RECAP: Parks and Recreation ‘Jerry’s Painting’
Oh, just make out already! Or go hog wild on Tom’s desk. Or have Chris or Ron or Ann Perkins or all three catch you in bed together, Leslie and Ben! You guys were doing so well avoiding the trap of lingering romance that every damn sitcom and its mongoloid step-brother trips, I hope you can chew your foot off before it’s too late.
“Jerry’s Painting” continues pushing the Leslie/Ben thing that, hopefully, will culminate in an upcoming episode where the two take a road trip to Indianapolis (I saw it on the Wikipedia), and Chris even goes so far as to set Ben up with someone who has what he deems “compatible traits,” to the natural chagrin of Leslie. But the bulk deals with the eponymous (damn, I hate that word) Jerry’s Painting—on full display at the Pawnee community art exhibit—which depicts a topless female centaur slaying a deer while a Reubenesque cherub looks on. But, of course, it’s by Jerry, so naturally it has to have something wrong with it, which is that the centaur resembles a topless Leslie and the cherub resembles Tom (I wonder what mythical Greek creature Ron would be…Zeus?). However, while Tom is (in a cosmic sense unjustifiably) incensed, Leslie loves it and feels empowered that it’s her flailing boobies taking down a stag. What woman wouldn’t? Still, topless art is topless art, and Marcia Langman, the same Bible-beating woman who tries to find some anti-Christian message in everything objects to the implied beastiality of the painting and wants it destroyed, as does Tom, though for completely different reasons.
Leslie goes on the local-access show “Ya’ Heard? With Perd” (I’m hoping that full installments of which will become DVD staples) to defend the painting but meets with delightfully idiotic questions such as “Are centaurs real?” and “Are you absolutely sure?” in addition to comments from porn star Brandi Maxxxx (yes, four Xs, and some of whose films are, according to Perd, very good). I bring this up not because it’s especially integral to the plot, but because Parks’ lambasting of small towns is not often mentioned and appreciated by others. It takes some courage to represent the pettiness of the common man…and I like Brandi’s blouse.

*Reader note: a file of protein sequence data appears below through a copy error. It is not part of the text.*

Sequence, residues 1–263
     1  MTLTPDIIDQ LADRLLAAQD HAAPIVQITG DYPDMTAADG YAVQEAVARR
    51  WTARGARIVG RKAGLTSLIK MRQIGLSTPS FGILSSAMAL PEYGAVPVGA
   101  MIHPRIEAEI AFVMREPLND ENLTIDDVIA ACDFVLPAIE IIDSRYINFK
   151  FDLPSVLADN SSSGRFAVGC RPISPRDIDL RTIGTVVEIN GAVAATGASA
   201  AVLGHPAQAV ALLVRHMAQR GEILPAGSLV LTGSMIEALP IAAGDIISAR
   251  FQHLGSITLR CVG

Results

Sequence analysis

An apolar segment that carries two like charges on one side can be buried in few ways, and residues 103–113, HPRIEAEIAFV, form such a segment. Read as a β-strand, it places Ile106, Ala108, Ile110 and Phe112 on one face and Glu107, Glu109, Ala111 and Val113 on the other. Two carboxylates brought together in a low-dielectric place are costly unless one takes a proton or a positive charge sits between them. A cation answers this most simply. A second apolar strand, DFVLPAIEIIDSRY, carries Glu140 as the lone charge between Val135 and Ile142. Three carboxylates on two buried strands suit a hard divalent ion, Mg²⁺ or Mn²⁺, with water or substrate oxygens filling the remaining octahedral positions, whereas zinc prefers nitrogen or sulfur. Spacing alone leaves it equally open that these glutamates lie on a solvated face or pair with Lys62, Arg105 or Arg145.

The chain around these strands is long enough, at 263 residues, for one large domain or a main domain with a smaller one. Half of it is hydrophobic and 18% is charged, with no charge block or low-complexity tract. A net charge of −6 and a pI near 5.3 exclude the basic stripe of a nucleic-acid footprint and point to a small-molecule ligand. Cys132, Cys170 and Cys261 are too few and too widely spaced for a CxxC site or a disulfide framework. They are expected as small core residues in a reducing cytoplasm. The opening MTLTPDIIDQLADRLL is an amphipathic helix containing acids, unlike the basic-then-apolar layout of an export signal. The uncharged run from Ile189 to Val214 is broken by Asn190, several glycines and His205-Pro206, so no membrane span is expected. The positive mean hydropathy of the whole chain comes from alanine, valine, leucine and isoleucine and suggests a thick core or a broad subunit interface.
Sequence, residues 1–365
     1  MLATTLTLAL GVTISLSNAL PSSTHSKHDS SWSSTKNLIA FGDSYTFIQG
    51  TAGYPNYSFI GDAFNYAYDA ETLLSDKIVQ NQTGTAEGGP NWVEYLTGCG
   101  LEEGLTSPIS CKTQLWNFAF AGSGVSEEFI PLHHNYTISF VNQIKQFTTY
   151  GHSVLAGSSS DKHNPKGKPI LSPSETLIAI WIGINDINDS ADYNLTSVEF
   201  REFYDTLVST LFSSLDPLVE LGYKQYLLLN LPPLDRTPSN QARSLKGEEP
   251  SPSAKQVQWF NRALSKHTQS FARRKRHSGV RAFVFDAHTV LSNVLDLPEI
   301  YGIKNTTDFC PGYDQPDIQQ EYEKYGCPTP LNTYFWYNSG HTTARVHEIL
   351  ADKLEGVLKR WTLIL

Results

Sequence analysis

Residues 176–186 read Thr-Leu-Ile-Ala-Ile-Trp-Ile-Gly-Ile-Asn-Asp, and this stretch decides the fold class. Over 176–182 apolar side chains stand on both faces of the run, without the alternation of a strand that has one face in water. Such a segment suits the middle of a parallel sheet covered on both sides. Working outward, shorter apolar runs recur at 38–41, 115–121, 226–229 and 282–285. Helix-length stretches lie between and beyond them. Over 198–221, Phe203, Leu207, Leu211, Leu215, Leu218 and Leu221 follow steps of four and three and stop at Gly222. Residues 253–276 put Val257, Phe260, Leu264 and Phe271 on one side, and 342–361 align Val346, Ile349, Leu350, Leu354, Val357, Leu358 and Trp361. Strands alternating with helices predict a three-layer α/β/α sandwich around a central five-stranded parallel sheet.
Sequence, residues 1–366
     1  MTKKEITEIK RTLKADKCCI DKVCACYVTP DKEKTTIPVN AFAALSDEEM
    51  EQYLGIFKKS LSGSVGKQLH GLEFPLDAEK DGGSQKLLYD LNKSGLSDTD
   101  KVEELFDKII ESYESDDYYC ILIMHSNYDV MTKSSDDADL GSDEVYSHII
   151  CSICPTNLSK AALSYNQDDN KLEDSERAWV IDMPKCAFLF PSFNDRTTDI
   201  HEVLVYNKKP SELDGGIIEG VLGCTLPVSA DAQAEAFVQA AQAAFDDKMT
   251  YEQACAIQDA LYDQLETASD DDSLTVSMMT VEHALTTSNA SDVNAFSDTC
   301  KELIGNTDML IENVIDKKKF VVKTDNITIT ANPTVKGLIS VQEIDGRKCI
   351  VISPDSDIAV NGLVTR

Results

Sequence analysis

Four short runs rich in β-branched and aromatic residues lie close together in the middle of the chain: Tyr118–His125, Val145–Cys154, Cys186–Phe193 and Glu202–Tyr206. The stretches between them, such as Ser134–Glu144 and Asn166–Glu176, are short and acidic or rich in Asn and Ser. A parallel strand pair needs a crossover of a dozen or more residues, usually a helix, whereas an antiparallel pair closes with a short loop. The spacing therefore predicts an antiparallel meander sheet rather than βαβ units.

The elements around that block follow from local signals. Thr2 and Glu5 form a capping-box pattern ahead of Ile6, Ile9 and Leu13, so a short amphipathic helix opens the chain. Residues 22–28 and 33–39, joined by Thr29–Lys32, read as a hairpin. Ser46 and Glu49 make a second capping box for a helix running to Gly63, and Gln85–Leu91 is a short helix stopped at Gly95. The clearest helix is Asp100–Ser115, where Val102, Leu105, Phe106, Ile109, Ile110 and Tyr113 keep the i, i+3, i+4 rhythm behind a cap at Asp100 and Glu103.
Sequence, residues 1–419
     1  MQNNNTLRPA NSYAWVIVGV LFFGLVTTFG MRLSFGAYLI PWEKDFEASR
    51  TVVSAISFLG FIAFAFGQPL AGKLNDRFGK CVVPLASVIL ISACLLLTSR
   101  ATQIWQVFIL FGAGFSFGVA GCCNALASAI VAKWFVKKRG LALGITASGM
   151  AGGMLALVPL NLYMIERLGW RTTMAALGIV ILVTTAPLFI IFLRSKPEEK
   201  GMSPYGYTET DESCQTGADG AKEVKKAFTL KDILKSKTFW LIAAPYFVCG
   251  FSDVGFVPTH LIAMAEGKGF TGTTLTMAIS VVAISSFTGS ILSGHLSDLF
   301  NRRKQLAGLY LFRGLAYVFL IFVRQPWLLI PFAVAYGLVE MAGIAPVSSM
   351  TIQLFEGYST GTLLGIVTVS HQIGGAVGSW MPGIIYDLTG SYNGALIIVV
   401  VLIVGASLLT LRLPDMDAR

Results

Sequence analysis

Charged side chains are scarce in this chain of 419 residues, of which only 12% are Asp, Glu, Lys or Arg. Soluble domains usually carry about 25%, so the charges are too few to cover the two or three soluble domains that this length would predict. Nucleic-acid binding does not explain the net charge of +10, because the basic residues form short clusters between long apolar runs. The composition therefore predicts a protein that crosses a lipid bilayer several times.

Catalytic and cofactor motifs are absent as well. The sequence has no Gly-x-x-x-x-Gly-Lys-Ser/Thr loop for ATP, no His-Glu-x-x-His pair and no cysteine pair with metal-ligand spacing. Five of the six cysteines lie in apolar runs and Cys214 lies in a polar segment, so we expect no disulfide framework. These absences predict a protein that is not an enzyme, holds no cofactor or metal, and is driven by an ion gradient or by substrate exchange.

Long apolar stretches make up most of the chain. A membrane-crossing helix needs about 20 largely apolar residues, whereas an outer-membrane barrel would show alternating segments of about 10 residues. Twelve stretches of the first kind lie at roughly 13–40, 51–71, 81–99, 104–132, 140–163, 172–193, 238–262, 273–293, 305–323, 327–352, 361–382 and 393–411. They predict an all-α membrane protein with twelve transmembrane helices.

Meanwhile, Ben’s looking for a new place to live thanks to the current bed-bug infestation at the motel he’s been staying at for the past seven months. Inexplicably, he decides to move in with Andy and April, whose house is in that stage of disarray that usually requires inpatient treatment. Ben takes it upon himself to teach the newly wedded couple some of the finer points of adulthood, such as buying oven mitts instead of a marshmallow launcher and not using Frisbees as plates. This doesn’t work quite as well as the A plot, but it does get some dark laughs from Andy and April’s depraved lifestyle.
Two things: 1) Whoever does the paintings for this show deserves some kind of award that carries with it the respectability of several Dalai Lamas, because not only is “Jerry’s” painting oozing with awesome, the murals at city hall are long overdue for their credit in hilariously revealing Pawnee’s sordid past, and 2) Adam Scott is getting better and better with each episode. His continuing disgust with Pawnee and its residents has yet to play itself out.
Yeah, the romance is right on the fringe of annoying, but the episode is nevertheless strong. Anything that has Ron Swanson opening a speech with, “Shut up and look at me” a topless Leslie, and ends on Leslie and Tom calling up Jerry’s wife to assure her that he’s not having an affair with either gets top marks.